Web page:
In 2003, the Illicit Drug Anti-Proliferation Act (Read the full text here.) was passed by Congress in an effort to combat deaths due to ‘club’ drugs, such as MDMA. This act states that organizers of an event where controlled substances are suspected to be present can be charged with a felony for contributing to drug use, punishable by up to 20 years imprisonment, a fine of up to $500,000, and can have their venue seized by law enforcement.

What are the effects of this act?

This act has proven to be ineffective as stories of deaths at music events due to drug use continue to emerge. The Drug Abuse Warning network recently reported that national ED visits due to MDMA toxicity increased 120% between 2004 and 2011 while levels of MDMA use have remained relatively constant.

ecstasy graph

Past Month Ecstasy Use among People Aged 12 or Older, by Age Group: Percentages, 2002-2014. Figure produced by 2014 Drug Use report sponsored by HHS


One victim of this act was 19 year-old Shelly Goldsmith, a student at the University of Virginia, who died of dehydration and heatstroke after consuming MDMA at a rave in Washington D.C. Shelley collapsed while attempting to make her way through the hot, crowded venue to the bar to buy a bottle of water.  The current act discourages venues from distributing free water to prevent heat stroke or any other harm-reduction services, else they face federal prosecution for suspicion of contributing to drug use.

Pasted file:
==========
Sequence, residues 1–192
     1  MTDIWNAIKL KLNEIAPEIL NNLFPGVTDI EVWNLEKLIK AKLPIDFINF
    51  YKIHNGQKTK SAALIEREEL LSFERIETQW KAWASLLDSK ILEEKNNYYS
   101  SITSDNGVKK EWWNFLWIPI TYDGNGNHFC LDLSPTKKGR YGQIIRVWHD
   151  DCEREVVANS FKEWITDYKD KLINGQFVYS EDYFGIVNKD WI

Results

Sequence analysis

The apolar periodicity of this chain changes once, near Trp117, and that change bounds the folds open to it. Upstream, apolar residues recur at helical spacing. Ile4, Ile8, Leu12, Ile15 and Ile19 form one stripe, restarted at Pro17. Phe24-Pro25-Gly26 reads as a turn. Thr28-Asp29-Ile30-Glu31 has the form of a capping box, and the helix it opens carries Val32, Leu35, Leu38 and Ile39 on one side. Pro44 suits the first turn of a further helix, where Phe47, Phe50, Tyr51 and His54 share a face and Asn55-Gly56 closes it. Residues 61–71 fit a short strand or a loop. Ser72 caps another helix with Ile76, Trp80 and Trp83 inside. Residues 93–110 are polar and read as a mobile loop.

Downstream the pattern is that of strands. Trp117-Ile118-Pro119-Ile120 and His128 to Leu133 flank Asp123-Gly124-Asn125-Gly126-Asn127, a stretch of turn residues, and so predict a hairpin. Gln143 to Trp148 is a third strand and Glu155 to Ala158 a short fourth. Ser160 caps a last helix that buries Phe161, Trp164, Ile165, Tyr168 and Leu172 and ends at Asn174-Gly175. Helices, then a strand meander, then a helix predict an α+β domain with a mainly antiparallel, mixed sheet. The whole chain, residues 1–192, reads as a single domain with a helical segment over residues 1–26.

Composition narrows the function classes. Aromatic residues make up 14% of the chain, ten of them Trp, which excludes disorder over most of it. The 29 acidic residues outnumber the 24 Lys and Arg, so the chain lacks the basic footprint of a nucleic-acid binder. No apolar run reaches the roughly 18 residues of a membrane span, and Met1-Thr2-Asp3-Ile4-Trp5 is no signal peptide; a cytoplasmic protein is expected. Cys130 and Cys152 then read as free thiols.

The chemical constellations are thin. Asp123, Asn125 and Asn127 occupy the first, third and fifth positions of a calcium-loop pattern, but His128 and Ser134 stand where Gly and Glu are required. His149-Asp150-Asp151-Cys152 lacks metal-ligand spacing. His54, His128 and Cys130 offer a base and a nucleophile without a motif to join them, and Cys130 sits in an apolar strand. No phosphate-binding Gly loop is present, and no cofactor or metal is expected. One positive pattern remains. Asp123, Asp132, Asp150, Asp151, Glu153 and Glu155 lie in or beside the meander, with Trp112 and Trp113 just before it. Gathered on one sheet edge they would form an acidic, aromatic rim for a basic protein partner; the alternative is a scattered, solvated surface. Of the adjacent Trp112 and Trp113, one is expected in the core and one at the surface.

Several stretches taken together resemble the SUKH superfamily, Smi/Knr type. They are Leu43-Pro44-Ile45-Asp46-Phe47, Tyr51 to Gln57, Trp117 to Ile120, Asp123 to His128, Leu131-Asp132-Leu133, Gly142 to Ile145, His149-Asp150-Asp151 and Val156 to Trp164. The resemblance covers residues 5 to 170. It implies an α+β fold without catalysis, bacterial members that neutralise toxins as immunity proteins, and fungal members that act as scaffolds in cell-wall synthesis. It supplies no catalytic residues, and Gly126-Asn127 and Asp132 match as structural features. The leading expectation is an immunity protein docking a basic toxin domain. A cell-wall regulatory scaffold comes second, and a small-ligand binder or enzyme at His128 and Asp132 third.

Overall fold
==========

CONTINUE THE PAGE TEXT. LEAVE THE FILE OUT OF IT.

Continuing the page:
Shelley Goldsmith died at 19 years old from heatstroke after ingesting MDMA at an Electronic Dance Music concert where no free water was available, is seen here posing with Vice President Joe Biden, who authored the Anti Illicit Drug Proliferation Act

Advocates such as Shelley’s mother, Dede Goldsmith, have spoken to Congress on the importance of harm reduction and educating the public on safe drug use.  Senator Tim Kaine has recently announced that he intends to propose an amendment to current law which will allow venues to provide harm-reduction services without bearing the risk of legal consequences.

Unfortunately, the bill is unlikely to easily pass. Most members of Congress are nervous about appearing ‘soft’ on drug policies and will need to be shown that harm-reduction is the will of the people and that passing this amendment will save lives.

What can we do to show Congress how important this amendment is?

  • Sign the Petition! Send Congress a message that the American people want to stop the unnecessary deaths: Petition:
  • Donate! The organization, ATRA ( creates and distributes campaign materials to educate the public on the harms caused by this amendment
  • Speak out! By explaining the benefit of harm reduction, and the differences between harm-reduction and the promotion of drug use, you can help turn the tide of public opinion against using an abstinence only strategy to reduce drug related-deaths.